• harrywr2

    #342 Niv

    Trust is another one of those heuristics ““ technically irrational, but used as a shortcut that often works.

    We all have to make an enormous number of fight or flight, friend or foe decisions everyday.  It’s called survival. If we had to stop and think about each individual fact or piece of evidence we would never make it out of bed. So we use bins.

  • BBD

    Howard

    CO2 AGW is real.  Catastrophic AGW is speculation.

    You are a conspiracy theorist too, I see, even though you apparently don’t recognise the fact. Please, consider the full implications of what you wrote. Remember that the scientific consensus is that more warming = greater risk.

  • BBD

    Nullius

    I’ve told you numerous times that it requires no collusion to explain ““

    Of course it does. Unless there is in fact no collusion at all.

    This is rather awkward isn’t it? Either you are a conspiracy theorist, or you are seeking to create fake doubt about ‘the science’ by insinuating ‘corruption’ which you actually don’t believe exists.

    Tricky.

  • BBD

    Re # 342 in response to # 333, note that ‘the science’ ≠ the Mannean Hockey stick.

    This is the usual false equivalence (and it’s boring).

  • Nullius in Verba

    #351,

    Are you saying the Mannean Hockeystick isn’t science?!

    Are we making some progress, then?

  • BBD

    :-)

  • Wastewater

    #338 True, but you cannot be trusted.

  • harrywr2

    394 BBD

    Remember that the scientific consensus is that more warming = greater risk.

    And the scientific consensus on radiation is that more radiation = greater risk, but you support nuclear power. Two of the workers at Fukushima didn’t make it to the earthquake/tsunami safety shelter, what if all of them didn’t make it.Fat tails is fat tails. We all accept the risk of fat tails based on our perceived cost/benefit analysis. I live in the Western US. Geologists tell me Yellowstone erupting again is a certainty and there is a possibility that all life in the Western US will end abruptly. Of course life ending abruptly in the Western US could be considered a blessing compared to those whose lives that will end as a result of  the global famine that will follow.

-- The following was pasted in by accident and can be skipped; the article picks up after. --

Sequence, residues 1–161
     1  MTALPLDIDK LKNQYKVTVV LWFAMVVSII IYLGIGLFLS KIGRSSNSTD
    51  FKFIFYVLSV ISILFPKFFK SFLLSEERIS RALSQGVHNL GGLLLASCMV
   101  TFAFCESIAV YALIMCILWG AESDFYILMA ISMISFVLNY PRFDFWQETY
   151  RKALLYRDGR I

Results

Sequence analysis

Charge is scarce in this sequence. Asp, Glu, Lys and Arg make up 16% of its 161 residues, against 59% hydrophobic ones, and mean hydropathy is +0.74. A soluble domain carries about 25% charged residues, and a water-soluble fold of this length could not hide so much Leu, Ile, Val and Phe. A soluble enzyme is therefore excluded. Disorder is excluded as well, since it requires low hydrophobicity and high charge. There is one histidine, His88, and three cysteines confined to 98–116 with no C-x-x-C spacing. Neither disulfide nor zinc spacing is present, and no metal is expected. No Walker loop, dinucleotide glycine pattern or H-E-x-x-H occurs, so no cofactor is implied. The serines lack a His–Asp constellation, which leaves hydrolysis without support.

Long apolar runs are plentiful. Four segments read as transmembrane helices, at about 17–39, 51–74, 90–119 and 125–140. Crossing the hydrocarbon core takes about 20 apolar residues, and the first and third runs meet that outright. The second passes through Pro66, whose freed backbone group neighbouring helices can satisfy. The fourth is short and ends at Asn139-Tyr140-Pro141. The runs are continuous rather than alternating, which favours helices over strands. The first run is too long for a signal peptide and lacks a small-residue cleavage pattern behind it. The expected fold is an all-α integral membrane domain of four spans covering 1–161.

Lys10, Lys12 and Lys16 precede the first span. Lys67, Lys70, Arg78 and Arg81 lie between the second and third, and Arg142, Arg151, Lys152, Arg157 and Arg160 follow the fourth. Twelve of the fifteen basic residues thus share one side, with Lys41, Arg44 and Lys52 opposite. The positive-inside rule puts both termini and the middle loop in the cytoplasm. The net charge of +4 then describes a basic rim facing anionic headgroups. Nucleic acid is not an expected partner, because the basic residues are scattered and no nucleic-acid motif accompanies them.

• BBD

    harrywr2

    One doesn’t need to believe that the potential deception is deliberate.

    Deception, whether actual or potential, is by definition deliberate, and banking is not science. Reactors aren’t the climate system, fatalities at Fukushima had nothing to do with radiation, and I have no idea why you are dragging in Yellowstone. Can we clap a stop over the gallops of non-equivalence and start making sense? 

  • http://neverendingaudit.tumblr.com willard

    #354 shows what true anonymity looks like.

    HB Gary would be proud:

    http://en.wikipedia.org/wiki/HBGary#Fallout

  • Joshua

    NiV – (342)

    I don’t know about that. When I started in this debate, I was inclined to trust the IPCC.

    FWIW – I will say that this seems to me like the kind of response that that leads Marlowe to call you a sophist. My guess is that you know what I was talking about, and that nominating yourself as an exception to what I was talking about does not really address my point. In any case, on the possibility that I’m wrong about all of that, I will elaborate a bit.

    Let’s use reaction to “Climategate” as an example. Despite claims of “skeptics” I have often read, only a small % of the public are very familiar with “Climategate.” Of those who are, only a small % had it change their views. Of that small %, some became more dubious of the dangers of climate change, (and some became less so). Political ideology was strongly correlated with the direction of movement.

    My guess is that prior to reading in-depth about the product of the IPCC, you were disinclined to trust the analysis of international organizations more generally, and the United Nations more specifically. My guess is that you were relatively disinclined to accept “consensus” opinions among groups of scientists. My guess is that you were disinclined to agree with conclusions favoring international action involving government interference into the energy market segment as a way to achieve positive policy outcomes.